The story of video games starts in 1948 when Thomas T. Goldsmith Jr. and Estle Ray Mann created the first electronic entertaining machine, which was capable of running simple games. In the last 5 years we could observe a quick spread of games, which are based on interactive story telling. The gameplay is made even more exciting through added Quick Time Events (QTE), requiring fast reactions from the players.
In the first part of my thesis I present the tools I have used and explain the reasons behind selecting them. These were the first major decisions I had to make during my working process. As a motion sensor I decided to go with Leap Motion, as the game engine I’ve chosen the Unity3D.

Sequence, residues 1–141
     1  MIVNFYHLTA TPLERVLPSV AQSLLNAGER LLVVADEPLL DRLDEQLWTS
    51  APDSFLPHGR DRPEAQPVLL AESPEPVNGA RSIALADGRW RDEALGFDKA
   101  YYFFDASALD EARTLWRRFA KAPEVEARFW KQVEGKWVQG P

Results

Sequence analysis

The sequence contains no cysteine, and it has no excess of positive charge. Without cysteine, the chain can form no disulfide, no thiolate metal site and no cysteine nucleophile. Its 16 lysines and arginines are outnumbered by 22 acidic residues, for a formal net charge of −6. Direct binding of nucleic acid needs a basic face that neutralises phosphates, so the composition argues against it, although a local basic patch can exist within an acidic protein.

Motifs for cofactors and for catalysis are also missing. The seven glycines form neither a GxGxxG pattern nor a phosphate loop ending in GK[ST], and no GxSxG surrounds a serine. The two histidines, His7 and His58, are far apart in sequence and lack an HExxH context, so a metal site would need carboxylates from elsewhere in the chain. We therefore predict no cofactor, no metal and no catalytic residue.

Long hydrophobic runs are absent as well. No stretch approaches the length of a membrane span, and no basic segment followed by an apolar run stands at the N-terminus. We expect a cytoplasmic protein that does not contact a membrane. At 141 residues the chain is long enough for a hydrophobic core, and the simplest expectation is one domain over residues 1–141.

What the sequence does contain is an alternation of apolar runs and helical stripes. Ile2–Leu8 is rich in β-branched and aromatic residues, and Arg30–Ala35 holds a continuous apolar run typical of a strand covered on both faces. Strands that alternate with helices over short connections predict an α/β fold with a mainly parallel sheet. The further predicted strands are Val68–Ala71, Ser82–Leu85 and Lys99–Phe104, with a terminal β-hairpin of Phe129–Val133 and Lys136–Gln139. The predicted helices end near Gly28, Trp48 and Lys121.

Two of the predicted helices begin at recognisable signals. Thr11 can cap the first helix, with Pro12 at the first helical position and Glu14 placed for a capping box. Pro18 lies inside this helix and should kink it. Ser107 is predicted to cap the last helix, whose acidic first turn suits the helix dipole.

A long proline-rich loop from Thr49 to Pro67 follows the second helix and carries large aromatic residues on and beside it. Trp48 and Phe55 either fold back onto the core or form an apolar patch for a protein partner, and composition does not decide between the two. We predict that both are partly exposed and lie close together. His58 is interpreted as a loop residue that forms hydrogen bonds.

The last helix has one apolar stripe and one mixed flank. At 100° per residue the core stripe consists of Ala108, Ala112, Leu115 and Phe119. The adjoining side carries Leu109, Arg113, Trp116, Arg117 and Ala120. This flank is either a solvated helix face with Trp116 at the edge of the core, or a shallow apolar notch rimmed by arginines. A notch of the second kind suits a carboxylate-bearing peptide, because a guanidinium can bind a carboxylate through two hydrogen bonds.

At the beginning I’ve planned and constructed the static world and then I’ve implemented the expected behaviors. The biggest challenges were the tasks where I had to use the motion sensor during the gameplay. There are four challenges for the players, which are needed to be completed before they run out of time. I wrote my own engine for handling these events, and the timer and the inputs given by the motion sensor. The success of the whole game depends on the success of these challenges.
For making the game even more exciting I made an inventory as well. It is containing several tools that are supposed to make the challenges of the game a little bit easier.
Finally I present the results I obtained from a group of testers, summarize my main findings and experiences in the topic and provide some thoughts on further development opportunities.